Groundcover junipers give unbeatable texture

Published 12:26 am Sunday, March 1, 2009

Your first thought of shrubs for your home is probably the staples like hollies or ligustrums and showy bloomers like azaleas or camellias. Those are great choices, but I want you to consider using some conifers.

While many conifers are tall trees like pines or bald cypresses, shorter conifers like the shrub-type junipers offer a lot for the landscape.

Conifers offer a staggering difference in texture because their leaves are needle-like. You can find a juniper in almost any height, width, shape or needle color — even those that turn plum-colored in the winter.

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Place a conifer adjacent to the typical glossy leaf of a holly and you will see a stark contrast. Combine them with red-leafed plants like nandinas and loropetalums or place them underneath Japanese maples to create a show worthy of a photograph.

We combined them outside my office with fatsias, which are large tropical-looking shrubs. We have used them along dry creek beds and partnered them with ornamental grasses. Try using them to frame trees that have picturesque bark like crepe myrtles.

Shrub junipers provide tremendous landscape options from low-growing, creeping groundcovers to foundation plantings. Taller growing plants are excellent for screens, hedges or windbreaks. Many landscape contractors find they excel in sloped areas that are prone to erosion.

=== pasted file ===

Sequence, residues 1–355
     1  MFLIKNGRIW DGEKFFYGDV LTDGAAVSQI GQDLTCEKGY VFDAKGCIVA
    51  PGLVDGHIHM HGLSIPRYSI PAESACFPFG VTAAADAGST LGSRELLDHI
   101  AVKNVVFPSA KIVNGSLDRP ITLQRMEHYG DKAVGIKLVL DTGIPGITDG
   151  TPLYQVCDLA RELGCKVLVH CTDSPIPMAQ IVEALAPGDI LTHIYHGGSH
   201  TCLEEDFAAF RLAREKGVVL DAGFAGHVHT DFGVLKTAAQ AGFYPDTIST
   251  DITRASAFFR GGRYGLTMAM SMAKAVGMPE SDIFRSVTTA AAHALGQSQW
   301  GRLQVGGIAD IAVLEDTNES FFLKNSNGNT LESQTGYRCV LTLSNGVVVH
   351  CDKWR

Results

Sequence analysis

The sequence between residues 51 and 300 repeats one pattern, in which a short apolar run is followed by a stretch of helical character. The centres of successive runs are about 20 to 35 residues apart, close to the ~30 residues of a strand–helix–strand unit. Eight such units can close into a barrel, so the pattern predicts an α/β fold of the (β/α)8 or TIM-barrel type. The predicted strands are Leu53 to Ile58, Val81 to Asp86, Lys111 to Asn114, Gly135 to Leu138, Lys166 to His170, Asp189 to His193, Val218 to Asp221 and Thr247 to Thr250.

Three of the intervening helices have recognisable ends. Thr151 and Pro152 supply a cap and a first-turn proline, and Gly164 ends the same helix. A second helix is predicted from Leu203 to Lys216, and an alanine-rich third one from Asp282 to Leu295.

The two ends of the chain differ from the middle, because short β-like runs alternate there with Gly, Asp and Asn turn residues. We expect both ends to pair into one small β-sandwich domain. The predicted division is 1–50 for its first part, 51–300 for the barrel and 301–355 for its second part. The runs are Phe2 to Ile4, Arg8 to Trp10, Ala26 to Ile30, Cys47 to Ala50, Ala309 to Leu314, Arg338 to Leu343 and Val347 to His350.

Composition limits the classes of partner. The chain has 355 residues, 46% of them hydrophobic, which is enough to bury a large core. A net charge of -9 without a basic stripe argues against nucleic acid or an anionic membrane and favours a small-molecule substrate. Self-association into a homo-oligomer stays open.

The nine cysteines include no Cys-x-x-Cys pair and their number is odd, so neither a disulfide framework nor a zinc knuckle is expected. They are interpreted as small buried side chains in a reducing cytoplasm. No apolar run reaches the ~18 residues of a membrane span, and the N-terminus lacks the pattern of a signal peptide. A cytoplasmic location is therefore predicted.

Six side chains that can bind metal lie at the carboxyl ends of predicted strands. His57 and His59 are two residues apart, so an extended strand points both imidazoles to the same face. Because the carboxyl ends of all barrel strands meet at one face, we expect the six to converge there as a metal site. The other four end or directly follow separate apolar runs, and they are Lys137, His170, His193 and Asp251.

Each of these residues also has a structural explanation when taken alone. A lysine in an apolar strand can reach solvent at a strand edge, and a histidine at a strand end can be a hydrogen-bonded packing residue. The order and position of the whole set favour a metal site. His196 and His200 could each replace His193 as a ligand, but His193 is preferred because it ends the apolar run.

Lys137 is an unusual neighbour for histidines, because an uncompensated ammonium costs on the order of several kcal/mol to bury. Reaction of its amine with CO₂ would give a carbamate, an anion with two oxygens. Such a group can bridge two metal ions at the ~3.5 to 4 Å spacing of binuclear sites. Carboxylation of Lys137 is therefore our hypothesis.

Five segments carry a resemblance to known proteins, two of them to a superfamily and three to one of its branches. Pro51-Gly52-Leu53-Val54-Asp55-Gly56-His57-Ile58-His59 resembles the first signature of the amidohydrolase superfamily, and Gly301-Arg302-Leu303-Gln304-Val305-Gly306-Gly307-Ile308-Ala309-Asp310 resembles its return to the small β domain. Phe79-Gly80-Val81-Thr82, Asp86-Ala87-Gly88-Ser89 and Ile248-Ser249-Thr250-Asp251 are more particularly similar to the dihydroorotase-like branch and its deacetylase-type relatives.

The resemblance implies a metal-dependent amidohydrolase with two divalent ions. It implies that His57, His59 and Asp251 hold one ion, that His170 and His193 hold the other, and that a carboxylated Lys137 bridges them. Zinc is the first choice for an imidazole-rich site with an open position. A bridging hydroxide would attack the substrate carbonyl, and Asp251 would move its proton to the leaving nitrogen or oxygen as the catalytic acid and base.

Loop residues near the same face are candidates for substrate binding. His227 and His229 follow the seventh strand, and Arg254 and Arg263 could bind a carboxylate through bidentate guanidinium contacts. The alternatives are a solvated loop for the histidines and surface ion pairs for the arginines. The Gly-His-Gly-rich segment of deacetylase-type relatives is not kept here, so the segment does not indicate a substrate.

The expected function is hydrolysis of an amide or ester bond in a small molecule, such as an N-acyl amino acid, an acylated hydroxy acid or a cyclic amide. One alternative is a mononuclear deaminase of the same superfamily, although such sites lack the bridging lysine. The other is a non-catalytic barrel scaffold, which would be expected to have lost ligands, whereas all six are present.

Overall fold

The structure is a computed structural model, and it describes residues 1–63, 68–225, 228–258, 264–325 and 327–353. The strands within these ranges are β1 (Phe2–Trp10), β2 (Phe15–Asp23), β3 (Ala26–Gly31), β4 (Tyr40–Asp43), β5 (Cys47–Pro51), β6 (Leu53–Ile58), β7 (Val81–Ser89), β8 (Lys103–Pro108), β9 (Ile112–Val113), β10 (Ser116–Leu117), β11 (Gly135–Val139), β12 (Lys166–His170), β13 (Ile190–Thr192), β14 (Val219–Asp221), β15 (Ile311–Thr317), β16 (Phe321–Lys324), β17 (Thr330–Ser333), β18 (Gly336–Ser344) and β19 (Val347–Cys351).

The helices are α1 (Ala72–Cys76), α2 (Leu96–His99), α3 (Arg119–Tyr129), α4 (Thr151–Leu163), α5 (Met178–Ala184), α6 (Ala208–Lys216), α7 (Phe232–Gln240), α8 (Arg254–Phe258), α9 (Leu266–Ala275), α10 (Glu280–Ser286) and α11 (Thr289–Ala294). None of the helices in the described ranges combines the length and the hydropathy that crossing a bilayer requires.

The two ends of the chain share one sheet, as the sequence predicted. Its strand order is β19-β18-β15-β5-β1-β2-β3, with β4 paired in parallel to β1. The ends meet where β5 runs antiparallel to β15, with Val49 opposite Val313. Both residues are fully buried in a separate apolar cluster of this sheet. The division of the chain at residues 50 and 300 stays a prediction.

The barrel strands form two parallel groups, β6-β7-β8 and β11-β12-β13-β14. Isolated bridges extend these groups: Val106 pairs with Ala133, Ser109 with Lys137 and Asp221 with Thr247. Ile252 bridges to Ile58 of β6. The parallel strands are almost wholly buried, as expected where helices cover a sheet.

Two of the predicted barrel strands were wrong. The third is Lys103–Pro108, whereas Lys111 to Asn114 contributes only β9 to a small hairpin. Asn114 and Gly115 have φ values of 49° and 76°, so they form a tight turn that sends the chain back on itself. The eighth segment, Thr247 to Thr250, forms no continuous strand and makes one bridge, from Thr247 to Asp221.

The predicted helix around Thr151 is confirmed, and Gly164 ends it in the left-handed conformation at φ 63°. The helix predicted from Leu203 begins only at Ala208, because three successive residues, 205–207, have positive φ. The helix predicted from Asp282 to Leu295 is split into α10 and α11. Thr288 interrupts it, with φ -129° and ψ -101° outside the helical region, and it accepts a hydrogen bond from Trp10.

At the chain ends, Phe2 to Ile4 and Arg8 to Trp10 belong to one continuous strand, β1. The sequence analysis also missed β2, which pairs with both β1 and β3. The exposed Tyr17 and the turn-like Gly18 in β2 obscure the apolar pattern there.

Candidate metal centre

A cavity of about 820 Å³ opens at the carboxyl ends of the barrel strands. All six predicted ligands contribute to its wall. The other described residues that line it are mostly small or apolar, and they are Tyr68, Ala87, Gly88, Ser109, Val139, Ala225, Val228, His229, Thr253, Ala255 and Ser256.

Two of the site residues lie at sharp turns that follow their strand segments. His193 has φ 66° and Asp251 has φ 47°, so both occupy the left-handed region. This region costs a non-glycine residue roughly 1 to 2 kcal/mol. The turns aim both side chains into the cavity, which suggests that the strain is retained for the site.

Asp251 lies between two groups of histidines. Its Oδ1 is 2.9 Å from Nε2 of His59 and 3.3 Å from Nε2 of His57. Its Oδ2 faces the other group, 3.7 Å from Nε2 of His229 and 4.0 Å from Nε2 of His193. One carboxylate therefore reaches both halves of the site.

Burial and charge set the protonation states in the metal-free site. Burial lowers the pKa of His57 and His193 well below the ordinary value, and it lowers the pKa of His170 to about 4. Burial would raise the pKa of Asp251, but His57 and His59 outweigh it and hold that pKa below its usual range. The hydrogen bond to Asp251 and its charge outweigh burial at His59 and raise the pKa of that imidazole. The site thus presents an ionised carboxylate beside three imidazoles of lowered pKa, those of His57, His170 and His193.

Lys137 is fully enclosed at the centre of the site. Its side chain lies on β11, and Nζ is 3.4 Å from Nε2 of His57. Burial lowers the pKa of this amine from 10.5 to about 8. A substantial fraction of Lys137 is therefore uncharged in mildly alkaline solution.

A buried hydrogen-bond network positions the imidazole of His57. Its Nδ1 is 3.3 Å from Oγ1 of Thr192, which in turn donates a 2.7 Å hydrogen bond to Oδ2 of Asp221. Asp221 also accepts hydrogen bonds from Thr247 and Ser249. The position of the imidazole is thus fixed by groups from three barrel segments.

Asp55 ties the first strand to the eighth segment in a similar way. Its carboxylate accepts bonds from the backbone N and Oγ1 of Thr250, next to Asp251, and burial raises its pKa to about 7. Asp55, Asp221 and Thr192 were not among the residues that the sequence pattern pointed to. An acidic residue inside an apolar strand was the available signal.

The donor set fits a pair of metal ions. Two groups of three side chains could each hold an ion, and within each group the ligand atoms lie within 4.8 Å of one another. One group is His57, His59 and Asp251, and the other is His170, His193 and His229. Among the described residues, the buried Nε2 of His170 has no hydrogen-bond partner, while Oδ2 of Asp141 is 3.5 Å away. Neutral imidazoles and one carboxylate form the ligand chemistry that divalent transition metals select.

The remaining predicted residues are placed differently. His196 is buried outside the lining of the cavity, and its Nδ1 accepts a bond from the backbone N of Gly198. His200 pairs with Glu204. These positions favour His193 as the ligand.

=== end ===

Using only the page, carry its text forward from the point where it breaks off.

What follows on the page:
One common trait shared by junipers is their tolerance of adverse conditions. They withstand heat, drought and severe winters, too. As a testimony to this endurance, you frequently see them planted beside streets where the reflective heat is most intense.

My favorite variety is Parson’s juniper, a plant that keeps a taxonomic argument going about its true name. The name that seems most popular in the trade is Juniperus davurica, but the scientific community wants to call it a variety of Juniperus chinensis. Regardless of the name, it is one of many landscape professionals’ favorite plants.

Parson’s juniper has blue-green foliage that reaches about 3 feet tall and spreads 4 to 8 feet. It rarely has any problems, is pest-free and will thrive in soils that range from acidic to slightly alkaline. In coastal areas, it is known to tolerate salt spray.

Your shrub junipers will perform best if planted in a fertile, well-drained shrub bed prepared with the addition of organic matter. Dig your planting hole at least twice the size of the root ball but no deeper. Plant so that the top of the root ball is even with the soil surface, and then apply a good layer of mulch.

Conifers may indeed be tall trees, but their shorter cousins offer a lot for the landscape with interesting color and texture.

With spring just around the corner, if your landscape needs some evergreen plant material, talk to your nursery professional about shrub or groundcover junipers.